I do have one question (which you are not obligated in any way to answer if you feel uncomfortable) if you don’t mind. Would walking on a beach or hiking in the mountains create a positive feeling or trigger a negative or anxious response? I’m trying to understand whether it is the activity of walking or the “pressure of exercise” that provokes the response. I ask questions like this of people because listening to their responses has provided me an education that textbooks will never be able to duplicate. Thank you.

      Liked by 1 person

      1. I don’t mind answering, sorry it took me so long! I think it depends on the person and what their specific worries are. I know for me, walking can make me anxious at times depending on my anxiety and whether or not I’m comfortable where I am. However, I think teaching anxiety sufferers to take small steps with walking, running, and exercising in general is helpful. I hope that helps!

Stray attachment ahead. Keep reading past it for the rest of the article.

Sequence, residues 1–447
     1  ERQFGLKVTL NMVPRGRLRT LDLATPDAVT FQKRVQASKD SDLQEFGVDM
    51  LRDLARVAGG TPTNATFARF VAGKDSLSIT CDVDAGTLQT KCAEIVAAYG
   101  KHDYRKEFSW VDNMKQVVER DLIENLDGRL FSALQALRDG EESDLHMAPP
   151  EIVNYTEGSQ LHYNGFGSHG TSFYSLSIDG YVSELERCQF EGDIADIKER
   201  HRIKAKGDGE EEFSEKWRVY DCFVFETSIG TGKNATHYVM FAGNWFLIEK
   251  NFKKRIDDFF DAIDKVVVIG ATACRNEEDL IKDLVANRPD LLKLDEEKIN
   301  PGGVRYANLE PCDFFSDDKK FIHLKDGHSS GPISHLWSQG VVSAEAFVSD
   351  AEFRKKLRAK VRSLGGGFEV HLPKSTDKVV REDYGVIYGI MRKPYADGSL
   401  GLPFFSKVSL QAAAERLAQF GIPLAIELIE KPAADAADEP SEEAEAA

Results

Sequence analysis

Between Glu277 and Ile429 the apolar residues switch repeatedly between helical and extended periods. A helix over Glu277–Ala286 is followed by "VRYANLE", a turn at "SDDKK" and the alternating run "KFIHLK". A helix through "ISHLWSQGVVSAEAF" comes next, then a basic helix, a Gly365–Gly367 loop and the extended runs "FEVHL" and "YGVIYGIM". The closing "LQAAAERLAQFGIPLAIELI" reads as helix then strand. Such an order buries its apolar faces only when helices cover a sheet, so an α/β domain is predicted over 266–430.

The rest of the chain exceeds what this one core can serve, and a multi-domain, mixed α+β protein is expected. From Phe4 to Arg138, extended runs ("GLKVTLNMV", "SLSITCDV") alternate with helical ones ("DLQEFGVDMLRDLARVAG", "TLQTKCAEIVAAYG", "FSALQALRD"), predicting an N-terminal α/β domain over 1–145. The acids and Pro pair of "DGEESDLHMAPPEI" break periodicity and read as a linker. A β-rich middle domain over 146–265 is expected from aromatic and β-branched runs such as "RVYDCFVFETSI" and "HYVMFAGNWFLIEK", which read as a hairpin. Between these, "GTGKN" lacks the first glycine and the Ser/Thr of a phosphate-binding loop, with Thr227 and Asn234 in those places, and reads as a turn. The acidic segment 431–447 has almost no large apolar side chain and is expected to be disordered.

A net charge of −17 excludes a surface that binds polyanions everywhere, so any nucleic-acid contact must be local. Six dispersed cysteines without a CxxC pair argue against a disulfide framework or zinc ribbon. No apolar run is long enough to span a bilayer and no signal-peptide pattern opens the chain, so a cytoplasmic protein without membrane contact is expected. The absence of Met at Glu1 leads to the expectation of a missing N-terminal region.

Liked by 1 person

        1. I appreciate your thoughtful response. I have found that small steps in most situations help people stay the course and benefit from long term outcomes. Life is certainly not linear in direction, but the volatility in life is reduced with smaller steps. Thank you for all your help.

          Liked by 1 person

  2. hehe! I love the concept of Lawyer involvement. I would not put this past the legal profession for Lawyers looking to ‘break new ground’.
    What about the people that have no choice but to sit all day because of illness or a disability? People really need to think about these hyped up headlines

    Liked by 2 people

    1. In general I’m hoping the motive was to help identify behaviors most people could easily alter to improve healthy outcomes. It never occurred to me that a lack of sensitivity might exist in these articles and those suffering from disability or illness might be the unintentional victims. You bring up an excellent point.

      Liked by 2 people

  3. Love your post…..

    Liked by 1 person